Linda Riggins was first in line at Gate 3 before the Arizona Coyotes’ season opener at Gila River Arena.
Riggins, a season ticket holder, and her son, Keith Traub, arrived three and a half hours early. They were ready to watch hockey.
“I was just so happy to be there,” Riggins said. “My son was in seventh heaven, and it was just great. That means everything to me.”
Riggins was one of 2,274 fans in attendance during the 4-3 shootout loss to the San Jose Sharks.
The Jan. 14 game was the largest attended sporting event in Arizona since late November when the Arizona Cardinals hosted as many as 4,200 fans at State Farm Stadium.
Before a whistle was blown, the organization honored those on the front line of the pandemic.
As the lights dimmed and everyone turned their attention to the scoreboard, Coyotes President and CEO Xavier A. Gutierrez presented a message to health workers, dedicating their 25th anniversary season to them.
“It was awesome,” said Coyotes forward Clayton Keller, who scored the Coyotes’ second goal. “I think all of us were a little surprised. It felt like there were a lot more people there. We were so pumped to see that. To have the fans back in the building was unbelievable. Friends of mine and our teammates that were able to come to the game were all just so pumped. We’re really looking forward to the rest of the home games in front of the awesome fans we have.”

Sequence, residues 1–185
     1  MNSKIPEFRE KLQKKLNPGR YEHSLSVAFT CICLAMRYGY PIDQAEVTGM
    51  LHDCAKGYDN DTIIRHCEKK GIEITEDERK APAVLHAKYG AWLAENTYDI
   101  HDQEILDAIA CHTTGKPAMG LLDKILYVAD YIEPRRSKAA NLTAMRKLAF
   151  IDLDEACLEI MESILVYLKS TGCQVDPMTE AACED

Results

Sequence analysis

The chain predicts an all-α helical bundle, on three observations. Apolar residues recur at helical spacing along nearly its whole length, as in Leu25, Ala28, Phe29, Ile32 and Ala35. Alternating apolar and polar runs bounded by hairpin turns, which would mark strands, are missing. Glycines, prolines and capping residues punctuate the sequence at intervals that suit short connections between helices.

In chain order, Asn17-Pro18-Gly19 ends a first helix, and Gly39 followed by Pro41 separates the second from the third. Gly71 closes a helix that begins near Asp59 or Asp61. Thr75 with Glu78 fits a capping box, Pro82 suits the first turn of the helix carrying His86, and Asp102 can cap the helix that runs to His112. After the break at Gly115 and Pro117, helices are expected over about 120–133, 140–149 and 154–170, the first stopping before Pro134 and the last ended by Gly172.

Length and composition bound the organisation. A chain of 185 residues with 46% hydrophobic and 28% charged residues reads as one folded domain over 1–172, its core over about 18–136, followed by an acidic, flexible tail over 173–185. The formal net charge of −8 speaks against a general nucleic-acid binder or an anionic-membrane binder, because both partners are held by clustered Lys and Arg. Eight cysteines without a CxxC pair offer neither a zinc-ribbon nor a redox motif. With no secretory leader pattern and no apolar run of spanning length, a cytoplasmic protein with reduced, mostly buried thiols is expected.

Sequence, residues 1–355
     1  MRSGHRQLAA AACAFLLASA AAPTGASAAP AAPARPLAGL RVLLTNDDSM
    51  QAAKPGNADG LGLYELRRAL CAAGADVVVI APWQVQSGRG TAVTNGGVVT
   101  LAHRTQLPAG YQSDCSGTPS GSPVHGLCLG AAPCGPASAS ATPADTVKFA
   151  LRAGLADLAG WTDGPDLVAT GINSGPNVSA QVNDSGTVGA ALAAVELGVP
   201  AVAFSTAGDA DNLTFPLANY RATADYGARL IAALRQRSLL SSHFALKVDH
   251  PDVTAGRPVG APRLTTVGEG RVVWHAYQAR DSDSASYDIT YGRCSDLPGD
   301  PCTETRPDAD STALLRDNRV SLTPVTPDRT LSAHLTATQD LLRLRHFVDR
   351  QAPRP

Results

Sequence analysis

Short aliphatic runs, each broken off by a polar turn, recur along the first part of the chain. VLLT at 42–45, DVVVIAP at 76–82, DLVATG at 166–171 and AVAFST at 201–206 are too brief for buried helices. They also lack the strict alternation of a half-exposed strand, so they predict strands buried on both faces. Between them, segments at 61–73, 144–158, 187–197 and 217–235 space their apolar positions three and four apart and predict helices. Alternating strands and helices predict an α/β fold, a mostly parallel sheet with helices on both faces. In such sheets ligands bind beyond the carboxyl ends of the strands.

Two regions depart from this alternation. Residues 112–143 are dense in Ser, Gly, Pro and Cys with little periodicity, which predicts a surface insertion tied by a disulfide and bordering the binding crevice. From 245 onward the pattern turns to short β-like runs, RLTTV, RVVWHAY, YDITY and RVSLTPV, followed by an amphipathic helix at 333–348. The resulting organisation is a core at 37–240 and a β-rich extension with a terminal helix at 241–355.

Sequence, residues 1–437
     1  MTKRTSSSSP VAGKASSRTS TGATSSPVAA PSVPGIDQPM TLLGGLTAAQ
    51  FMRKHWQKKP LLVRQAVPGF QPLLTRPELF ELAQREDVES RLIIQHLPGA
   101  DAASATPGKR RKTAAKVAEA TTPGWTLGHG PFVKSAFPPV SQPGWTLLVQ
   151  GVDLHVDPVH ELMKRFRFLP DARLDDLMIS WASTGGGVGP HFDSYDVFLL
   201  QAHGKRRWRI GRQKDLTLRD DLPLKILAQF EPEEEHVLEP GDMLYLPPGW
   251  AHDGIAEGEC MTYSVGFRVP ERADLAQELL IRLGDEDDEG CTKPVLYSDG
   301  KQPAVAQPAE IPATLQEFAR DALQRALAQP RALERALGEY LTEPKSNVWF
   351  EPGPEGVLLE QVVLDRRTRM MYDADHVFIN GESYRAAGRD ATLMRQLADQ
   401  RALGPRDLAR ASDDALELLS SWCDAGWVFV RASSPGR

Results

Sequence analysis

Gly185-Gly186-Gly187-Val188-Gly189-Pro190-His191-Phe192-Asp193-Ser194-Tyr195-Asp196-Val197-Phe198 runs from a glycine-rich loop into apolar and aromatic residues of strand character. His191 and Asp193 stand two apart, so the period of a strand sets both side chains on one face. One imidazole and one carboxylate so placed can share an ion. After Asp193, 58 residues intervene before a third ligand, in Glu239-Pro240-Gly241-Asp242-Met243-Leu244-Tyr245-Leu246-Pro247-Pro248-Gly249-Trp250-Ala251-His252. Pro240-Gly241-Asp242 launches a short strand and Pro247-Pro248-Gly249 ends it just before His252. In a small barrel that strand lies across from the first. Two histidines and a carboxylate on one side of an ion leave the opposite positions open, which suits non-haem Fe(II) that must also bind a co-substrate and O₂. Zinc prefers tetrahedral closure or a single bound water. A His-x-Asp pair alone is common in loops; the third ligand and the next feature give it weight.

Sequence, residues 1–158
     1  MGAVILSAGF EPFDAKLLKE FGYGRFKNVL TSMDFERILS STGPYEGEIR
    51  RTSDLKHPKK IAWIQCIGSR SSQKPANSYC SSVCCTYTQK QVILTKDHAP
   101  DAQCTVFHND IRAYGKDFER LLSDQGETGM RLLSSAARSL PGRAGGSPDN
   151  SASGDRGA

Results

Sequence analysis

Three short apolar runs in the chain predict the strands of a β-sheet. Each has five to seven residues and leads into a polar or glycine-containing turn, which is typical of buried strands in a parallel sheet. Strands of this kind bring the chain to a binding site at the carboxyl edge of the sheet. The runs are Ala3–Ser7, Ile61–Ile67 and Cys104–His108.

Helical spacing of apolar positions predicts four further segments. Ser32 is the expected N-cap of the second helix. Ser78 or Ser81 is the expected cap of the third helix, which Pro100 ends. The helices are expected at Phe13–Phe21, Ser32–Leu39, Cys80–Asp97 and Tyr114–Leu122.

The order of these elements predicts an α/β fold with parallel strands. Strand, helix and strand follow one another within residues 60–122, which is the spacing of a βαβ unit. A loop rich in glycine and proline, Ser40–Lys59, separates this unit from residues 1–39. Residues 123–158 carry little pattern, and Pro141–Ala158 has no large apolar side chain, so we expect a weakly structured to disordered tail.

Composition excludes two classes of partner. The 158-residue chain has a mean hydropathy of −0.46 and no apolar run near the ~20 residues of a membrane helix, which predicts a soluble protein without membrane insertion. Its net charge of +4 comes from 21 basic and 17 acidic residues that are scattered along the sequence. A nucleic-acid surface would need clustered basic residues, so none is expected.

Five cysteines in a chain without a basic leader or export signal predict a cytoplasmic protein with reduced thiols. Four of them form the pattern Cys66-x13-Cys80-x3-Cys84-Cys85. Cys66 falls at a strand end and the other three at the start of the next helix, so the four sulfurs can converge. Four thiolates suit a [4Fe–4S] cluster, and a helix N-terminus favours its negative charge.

Coyotes goaltender Antti Raanta enjoyed the fans’ presence in a 31-save performance.
“It definitely feels so much better than what it was in the bubble,” Raanta said. “It’s super nice to go on the ice and see some people in there, hearing some yells and some cheers for us. It gives you a lot more than what an empty building would do. It’s been nice to see the fans again. They gave us a lot of extra energy in the games.”
Fans said they enjoyed the change of pace for the shortened season. Not only does it allow the team to generate some revenue, but it allows fans to experience something they’ve missed for nearly a year.
“Us players, we always appreciate playing in front of a lot of fans,” Coyotes forward Derick Brassard said. They make the atmosphere, they make the game great. Hopefully in the next few months we can play in every building around the league with fans in the stands.”
For now, the attendance has been limited to 2,500 fans to complement spacing.
The Coyotes first announced they would host a maximum of 3,450 fans for the team’s six January home games at Gila River Arena, including Thursday, Jan. 28, when the Coyotes host the Anaheim Ducks.
The team will determine the seating capacity for each month of the season, in accordance with the guidelines of Gila River Arena and the city of Glendale.